In a growing number of places buffers are popular with both women and men. Many cultures and societies do not consider it appropriate for a man to wear actual nail polish, but buffing provides a clean and well groomed looked that is very natural. It also lasts longer than a manicure with traditional polish, which makes it appealing to those who don't have the time to bother with beauty treatments that require complicated upkeep.

Nail buffers are typically used after the nails have been soaked and cleaned.
Nail buffers are typically used after the nails have been soaked and cleaned.
Dana Hinders
Dana Hinders

Dana holds a B.A. in journalism and mass communication from the University of Iowa. She has loved being part of the wiseGEEK team ever since discovering the joys of freelance writing after her son was born. Dana also hones her writing skills by contributing articles to various blogs, as well as creating sales copy and content for e-courses.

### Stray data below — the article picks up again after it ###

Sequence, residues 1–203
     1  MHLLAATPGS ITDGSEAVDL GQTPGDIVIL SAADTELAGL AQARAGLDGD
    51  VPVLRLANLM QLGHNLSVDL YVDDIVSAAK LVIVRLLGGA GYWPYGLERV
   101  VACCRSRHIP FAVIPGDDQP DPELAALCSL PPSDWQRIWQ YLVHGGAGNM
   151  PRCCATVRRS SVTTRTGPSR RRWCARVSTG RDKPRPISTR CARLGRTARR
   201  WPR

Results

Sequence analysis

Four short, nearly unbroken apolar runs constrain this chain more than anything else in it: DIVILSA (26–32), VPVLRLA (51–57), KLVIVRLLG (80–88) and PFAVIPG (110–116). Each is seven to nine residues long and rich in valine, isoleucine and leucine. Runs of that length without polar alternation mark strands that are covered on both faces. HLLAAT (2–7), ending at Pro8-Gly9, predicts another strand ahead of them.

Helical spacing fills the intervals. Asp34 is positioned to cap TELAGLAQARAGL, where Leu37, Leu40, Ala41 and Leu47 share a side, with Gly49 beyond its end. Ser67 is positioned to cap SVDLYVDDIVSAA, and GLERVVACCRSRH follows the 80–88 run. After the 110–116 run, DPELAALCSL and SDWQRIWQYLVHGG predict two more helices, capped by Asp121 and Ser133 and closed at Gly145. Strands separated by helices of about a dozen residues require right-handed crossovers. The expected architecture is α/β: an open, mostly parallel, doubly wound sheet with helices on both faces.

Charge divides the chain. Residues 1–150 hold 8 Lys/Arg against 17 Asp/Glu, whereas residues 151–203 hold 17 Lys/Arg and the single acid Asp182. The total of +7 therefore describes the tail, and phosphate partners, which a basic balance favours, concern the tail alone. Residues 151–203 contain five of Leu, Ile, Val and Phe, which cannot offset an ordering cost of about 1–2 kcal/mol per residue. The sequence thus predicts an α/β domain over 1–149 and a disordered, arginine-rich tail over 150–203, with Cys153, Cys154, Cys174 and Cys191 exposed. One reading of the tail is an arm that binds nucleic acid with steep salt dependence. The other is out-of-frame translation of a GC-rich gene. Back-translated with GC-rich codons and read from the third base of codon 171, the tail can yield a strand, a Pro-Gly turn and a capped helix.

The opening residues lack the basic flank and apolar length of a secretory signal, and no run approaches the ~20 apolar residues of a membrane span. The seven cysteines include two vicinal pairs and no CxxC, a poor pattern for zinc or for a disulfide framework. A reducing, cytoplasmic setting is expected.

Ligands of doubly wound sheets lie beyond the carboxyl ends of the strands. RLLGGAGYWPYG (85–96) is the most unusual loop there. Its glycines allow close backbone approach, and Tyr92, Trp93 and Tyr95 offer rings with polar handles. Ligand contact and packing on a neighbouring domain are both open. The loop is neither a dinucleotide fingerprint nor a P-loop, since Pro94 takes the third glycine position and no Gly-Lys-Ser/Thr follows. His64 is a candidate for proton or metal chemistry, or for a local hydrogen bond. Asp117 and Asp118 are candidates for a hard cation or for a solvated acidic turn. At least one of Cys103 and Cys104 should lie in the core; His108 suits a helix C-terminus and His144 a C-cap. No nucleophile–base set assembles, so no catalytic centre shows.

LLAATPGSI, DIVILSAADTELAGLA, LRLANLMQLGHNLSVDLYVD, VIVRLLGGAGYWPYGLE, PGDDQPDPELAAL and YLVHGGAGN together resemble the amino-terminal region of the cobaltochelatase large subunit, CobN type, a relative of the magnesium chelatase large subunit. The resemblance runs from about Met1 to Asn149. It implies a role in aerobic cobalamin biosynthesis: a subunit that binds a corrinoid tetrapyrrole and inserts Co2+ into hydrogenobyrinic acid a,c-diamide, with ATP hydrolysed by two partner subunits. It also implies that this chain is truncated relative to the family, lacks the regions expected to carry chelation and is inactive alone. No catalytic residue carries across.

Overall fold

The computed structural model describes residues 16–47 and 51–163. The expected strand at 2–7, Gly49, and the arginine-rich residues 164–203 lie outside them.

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Discussion Comments


@Andrade: I love men who buff their nails. It's subtle, yet still gives the impression that the man cares for his looks.

@literally45: I don't like women who wear nail polish. It's very obvious and gives off the impression that the woman is overly interested in her looks. I personally don't like that kind of narcissism.


@cloudel – Generally, I do five strokes with the roughest side, seven strokes with the medium side, and nine strokes with the smoothest one. It's best to do fewer strokes with the rougher sides to protect your nails.

That cuticle oil that comes with the set is awesome! I use it when I'm all done buffing my nails, and it brings out a glossy shine. I massage it and let it soak in all the way before applying any polish.

My buffer also has an extra rough side designed for buffing toenails. They are thicker and tougher than fingernails, so they need a rougher grit. I use the cuticle oil on them, too, because it makes them look so pretty and healthy, and I feel more confident when I wear sandals.


I just bought a nail buffer set that includes a buffer, some cuticle oil, and some hand lotion. I'm excited about using it, but I have an important question.

How many strokes should I use on each nail? Should I use fewer strokes with some sides of the buffer and more with others?